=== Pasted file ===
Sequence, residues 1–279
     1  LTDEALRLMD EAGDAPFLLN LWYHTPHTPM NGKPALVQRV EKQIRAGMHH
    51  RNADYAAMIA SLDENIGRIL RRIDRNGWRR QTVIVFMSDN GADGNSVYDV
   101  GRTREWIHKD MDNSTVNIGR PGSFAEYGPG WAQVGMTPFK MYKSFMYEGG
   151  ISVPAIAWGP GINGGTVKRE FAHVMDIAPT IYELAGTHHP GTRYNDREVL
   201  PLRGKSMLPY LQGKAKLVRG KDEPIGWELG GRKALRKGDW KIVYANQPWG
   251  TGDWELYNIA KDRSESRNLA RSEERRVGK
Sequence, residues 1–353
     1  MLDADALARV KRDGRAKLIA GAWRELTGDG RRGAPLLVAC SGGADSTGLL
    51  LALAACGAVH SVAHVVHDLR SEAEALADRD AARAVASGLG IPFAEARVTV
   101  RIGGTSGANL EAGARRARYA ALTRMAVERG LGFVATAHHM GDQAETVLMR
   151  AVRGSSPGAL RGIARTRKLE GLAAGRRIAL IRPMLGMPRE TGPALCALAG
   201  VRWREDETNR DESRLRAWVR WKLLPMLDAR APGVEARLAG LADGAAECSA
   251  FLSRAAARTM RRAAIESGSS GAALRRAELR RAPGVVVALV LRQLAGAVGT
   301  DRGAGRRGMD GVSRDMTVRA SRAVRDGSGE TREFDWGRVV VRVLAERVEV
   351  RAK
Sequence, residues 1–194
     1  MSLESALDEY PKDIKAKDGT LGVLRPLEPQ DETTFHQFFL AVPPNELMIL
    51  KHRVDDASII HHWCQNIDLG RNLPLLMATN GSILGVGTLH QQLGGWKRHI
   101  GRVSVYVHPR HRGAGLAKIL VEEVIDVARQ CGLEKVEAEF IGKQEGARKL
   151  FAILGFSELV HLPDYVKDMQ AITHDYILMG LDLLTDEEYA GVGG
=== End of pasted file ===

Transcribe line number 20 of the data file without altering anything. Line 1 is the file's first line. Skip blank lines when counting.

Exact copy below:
   101  GRVSVYVHPR HRGAGLAKIL VEEVIDVARQ CGLEKVEAEF IGKQEGARKL